During the time the Tutuila was visiting Pearl Harbor, there occurred a major local holiday. I had not previously known of Kamehameha Day; which honors Kamehameha I, the former unifier (in 1810) and King of the Hawaiian Islands; a revered figure in Hawaiian culture, past and present.
All of Honolulu, it seemed, had shut down for Kamehameha Day, and huge crowds gathered along King Street and beyond for the annual parade. There were floats, from all parts of the island group, — all made of local flowers, sort of like a Polynesian Rose Bowl parade. Along with the floats were open cars with local celebrities riding high and waving, marchers from local societies, high school marching bands, and others (in other words, all of the elements of a major holiday parade anywhere). The parade elements mustered and marched, seemingly endlessly, from the starting point, past the Iolani Palace; former royal residence of Hawaii’s historical rulers, and off into the distance. It was directly in front of the palace that our guide Diane had recommended as the best place to view the festivities, and so here, at the edge of the roadway, we stood.
We soon discovered that behind us in the palace, on the Governor’s balcony — along with the governor, and other VIPs — was a national celebrity. Visiting (and actually living on the island for a brief time), was Jacqueline Kennedy, and her children, eight-year-old Caroline and five-year-old “John John”.
I will admit, it was a thrill to actually see them in person, viewing the events from their vantage, two stories up and perhaps 50 yards behind where we stood in the crush at curbside.
The parade, eventually, came to an end, and as my friends Robert and Jake, and I were starting to move on, a ripple of excitement passed through the crowd. The rumor was that Mrs. Kennedy and the children would be leaving the palace grounds in a limo; passing through a gate located on the cross street just ahead of us. We didn’t know of this was true, but we were going in that direction anyway, so we joined the gathering throng outside the gate.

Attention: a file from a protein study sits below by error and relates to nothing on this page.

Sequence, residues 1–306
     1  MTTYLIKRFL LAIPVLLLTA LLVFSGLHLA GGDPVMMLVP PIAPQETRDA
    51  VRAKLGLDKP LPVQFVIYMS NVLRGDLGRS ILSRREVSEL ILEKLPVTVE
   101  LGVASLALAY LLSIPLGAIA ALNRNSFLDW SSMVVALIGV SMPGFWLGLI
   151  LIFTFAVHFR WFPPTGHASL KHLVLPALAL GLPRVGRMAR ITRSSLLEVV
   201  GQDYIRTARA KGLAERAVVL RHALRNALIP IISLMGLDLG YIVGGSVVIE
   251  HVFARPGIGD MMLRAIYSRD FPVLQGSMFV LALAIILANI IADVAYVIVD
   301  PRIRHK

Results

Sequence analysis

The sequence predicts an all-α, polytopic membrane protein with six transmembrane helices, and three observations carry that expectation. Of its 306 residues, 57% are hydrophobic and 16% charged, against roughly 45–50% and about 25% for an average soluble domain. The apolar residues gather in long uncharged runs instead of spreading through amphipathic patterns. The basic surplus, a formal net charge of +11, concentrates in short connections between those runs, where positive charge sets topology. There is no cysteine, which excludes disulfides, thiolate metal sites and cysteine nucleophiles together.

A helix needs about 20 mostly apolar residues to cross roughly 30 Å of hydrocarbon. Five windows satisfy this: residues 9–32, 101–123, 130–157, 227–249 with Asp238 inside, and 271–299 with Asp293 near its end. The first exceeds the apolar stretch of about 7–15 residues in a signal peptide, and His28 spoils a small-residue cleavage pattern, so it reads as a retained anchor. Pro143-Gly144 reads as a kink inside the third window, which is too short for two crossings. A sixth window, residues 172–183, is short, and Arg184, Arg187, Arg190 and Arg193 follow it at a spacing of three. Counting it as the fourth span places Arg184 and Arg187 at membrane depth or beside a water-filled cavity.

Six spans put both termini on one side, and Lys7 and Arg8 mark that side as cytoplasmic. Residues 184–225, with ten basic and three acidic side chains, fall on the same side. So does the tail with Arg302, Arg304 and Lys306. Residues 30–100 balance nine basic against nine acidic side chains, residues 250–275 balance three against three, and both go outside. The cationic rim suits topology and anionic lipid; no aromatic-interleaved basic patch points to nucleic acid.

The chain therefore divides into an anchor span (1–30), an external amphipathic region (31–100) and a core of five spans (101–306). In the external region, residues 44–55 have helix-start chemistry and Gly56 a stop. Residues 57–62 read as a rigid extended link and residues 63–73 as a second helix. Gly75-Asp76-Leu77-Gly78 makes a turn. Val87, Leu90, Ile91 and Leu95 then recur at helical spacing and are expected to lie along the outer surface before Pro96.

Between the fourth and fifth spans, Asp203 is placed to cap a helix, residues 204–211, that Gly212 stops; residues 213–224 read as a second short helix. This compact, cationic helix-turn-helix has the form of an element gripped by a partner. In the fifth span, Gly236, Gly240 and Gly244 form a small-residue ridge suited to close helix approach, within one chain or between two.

By the time we actually got there we were well back from the gate, and tall as I am not, I couldn’t see over most of those in front of me. But I got an idea. Disregarding how far back I was, I positioned myself in the center of the drive, and waited. When the time came, the first persons out of the gate were, of course, swarms of security, pushing people off of the drive itself and out of the limo’s intended path. As the crowds parted, or were pushed back, I held my ground as others backed up. Finally, when directly confronted by an officer, I backed up until he was satisfied with my position – at the edge of the drive, front row.
As the limo slowly moved past I was close enough (although I did not) to touch the car as I bent and peered through the window at who, at the time, was perhaps the most famous woman and certainly the most sympathetic and revered person in the country.
In that moment, my previous thrill at actually seeing them was repeated and multiplied as I gaped and gawked like everyone else, secretly proud of the maneuver which had provided me with such an extraordinary view. My two friends, who had moved at the first instruction to do so, barely got a look at the car.